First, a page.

One thing any government or culture is going to do is determine how it distributes wealth, because any successful society will generate wealth that doesn’t originate in a single person.
There are two basic theories:
- Divide the spoils. If we have money, spend it on us. Make sure everyone gets a cut, and don’t let anyone get more than others. That’s fair.
- Spend like a business. Put the money where it will make more money: with those who will buy high-end goods, stimulating the economy, and those who will invest in research and development.
Like most things political, this is a hard one because that which “appears” fair, just and best is in fact an unmitigated disaster.
When you give money equally to all people, it goes to the bottom of the economic pyramid: into groceries, luxury items, rent and car payments. In other words, it goes to expenditures where the value has already been added.
But when you drop money into the top of your economic hierarchy, giving it to corporations, the wealthy and R&D-heavy government agencies, you prime the pump. Value has not already been added in these areas, so there’s a chance to generate value:
- Corporations buy raw materials and make them into products;
- the wealthy buy high-end goods and raise up new brands;
- R&D-heavy government agencies invent new technologies.
An analogue in a small town would be giving money to the farmers instead of the town bums. The town bums will use it to buy food and booze; the farmers will buy new equipment, new land and new seed, so everyone eats even better the next year.
Earmarking allows lawmakers to steer federal spending to pet projects in their states and districts. Earmarks take many forms. They can be road projects, improvements to home district military bases, sewer projects, economic development projects and even those Predator drone aircraft that are used to kill terrorists in Afghanistan and Pakistan.
They can also include tax breaks for a handful of specific companies, like a tax cut proposed years ago for manufacturers of hunting arrows.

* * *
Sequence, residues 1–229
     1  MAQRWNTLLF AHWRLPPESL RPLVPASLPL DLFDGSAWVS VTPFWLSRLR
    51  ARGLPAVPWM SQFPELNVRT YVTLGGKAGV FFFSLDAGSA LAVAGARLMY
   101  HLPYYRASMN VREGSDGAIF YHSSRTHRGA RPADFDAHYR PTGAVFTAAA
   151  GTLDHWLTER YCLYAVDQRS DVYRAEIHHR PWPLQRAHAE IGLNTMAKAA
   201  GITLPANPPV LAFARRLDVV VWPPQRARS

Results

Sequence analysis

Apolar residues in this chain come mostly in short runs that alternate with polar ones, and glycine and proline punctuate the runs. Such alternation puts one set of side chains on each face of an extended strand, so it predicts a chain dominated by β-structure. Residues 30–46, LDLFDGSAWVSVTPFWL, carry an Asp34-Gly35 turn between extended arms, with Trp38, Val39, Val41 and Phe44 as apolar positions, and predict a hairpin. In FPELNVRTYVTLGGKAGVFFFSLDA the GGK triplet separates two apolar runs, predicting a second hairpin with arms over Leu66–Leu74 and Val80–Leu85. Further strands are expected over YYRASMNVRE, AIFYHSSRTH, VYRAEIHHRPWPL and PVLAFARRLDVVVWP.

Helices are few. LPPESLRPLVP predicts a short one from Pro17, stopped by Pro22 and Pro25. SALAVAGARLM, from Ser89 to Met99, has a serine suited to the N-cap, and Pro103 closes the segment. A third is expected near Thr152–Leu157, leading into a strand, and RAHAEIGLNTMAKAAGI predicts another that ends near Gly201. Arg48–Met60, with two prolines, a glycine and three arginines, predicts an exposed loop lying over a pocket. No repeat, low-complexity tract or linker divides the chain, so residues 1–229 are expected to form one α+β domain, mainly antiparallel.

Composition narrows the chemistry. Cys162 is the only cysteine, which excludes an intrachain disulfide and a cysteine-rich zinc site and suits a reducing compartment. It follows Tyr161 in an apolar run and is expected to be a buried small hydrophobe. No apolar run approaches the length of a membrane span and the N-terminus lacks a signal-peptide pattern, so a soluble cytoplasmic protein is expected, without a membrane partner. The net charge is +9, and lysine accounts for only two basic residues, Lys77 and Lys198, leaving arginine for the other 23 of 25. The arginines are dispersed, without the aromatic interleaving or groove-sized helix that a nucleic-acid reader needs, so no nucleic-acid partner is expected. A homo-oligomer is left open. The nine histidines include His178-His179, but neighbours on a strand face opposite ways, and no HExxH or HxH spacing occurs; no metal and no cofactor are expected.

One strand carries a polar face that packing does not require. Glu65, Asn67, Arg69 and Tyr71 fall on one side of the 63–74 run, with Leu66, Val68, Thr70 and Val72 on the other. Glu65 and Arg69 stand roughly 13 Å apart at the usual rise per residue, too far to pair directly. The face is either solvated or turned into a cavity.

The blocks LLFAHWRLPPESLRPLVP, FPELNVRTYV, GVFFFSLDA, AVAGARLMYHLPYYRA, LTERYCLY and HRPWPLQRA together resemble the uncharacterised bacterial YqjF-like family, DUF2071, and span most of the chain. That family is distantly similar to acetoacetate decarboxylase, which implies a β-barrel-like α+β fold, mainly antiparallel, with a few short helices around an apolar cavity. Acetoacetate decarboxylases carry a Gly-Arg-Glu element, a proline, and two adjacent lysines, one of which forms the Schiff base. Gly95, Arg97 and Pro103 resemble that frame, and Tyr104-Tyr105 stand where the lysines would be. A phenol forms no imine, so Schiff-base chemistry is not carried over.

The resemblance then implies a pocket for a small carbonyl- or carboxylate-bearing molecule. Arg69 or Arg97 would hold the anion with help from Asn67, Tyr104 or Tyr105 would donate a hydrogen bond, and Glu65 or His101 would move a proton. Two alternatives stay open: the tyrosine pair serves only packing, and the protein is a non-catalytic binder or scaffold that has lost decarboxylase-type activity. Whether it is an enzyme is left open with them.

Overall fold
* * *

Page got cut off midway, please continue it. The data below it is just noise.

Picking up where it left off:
The reason Capitol Hill’s favor factory has churned out so many pork-barrel projects so successfully for so long is pretty simple: Everybody did it, Democrats and Republicans, liberals and conservatives.
Critics like Sen. John McCain, R-Ariz., and incoming House Speaker John Boehner, R-Ohio, have railed against earmarks for years, even as they proliferated when Republicans controlled Congress. Slowly, the tide has turned in their favor. – AP
Earmarks are a way of distributing income not at the national level, but directly to states. These often have little to do with priming the economy at the national level, but in subsidizing local economies. The result? Happy people at the local level, but a loss of value at the national level, which is where the income spent on these earmarks is collected.
Since 1950, the fastest rising segment of government expenditure has been on social costs; instead of aiming to provide a stable place for people to live, government has been trying to subsidize those people. It’s kind of like paying off the barn door after the horse is gone.
Earmarks are part of this culture not of building stability from the top-down, but subsidizing where convenient. Here’s another:
Unemployed Americans have collected $319 billion in jobless benefits over the past three years due to the federal government’s unprecedented response to the Great Recession, according to a CNNMoney analysis of federal records. – CNN
Since the 1970s, economists have argued that we need national health care and national job insurance but that instead of making these federal programs, we should privatize them and use the vast purchasing power of the federal government to achieve competitive costs and benefits.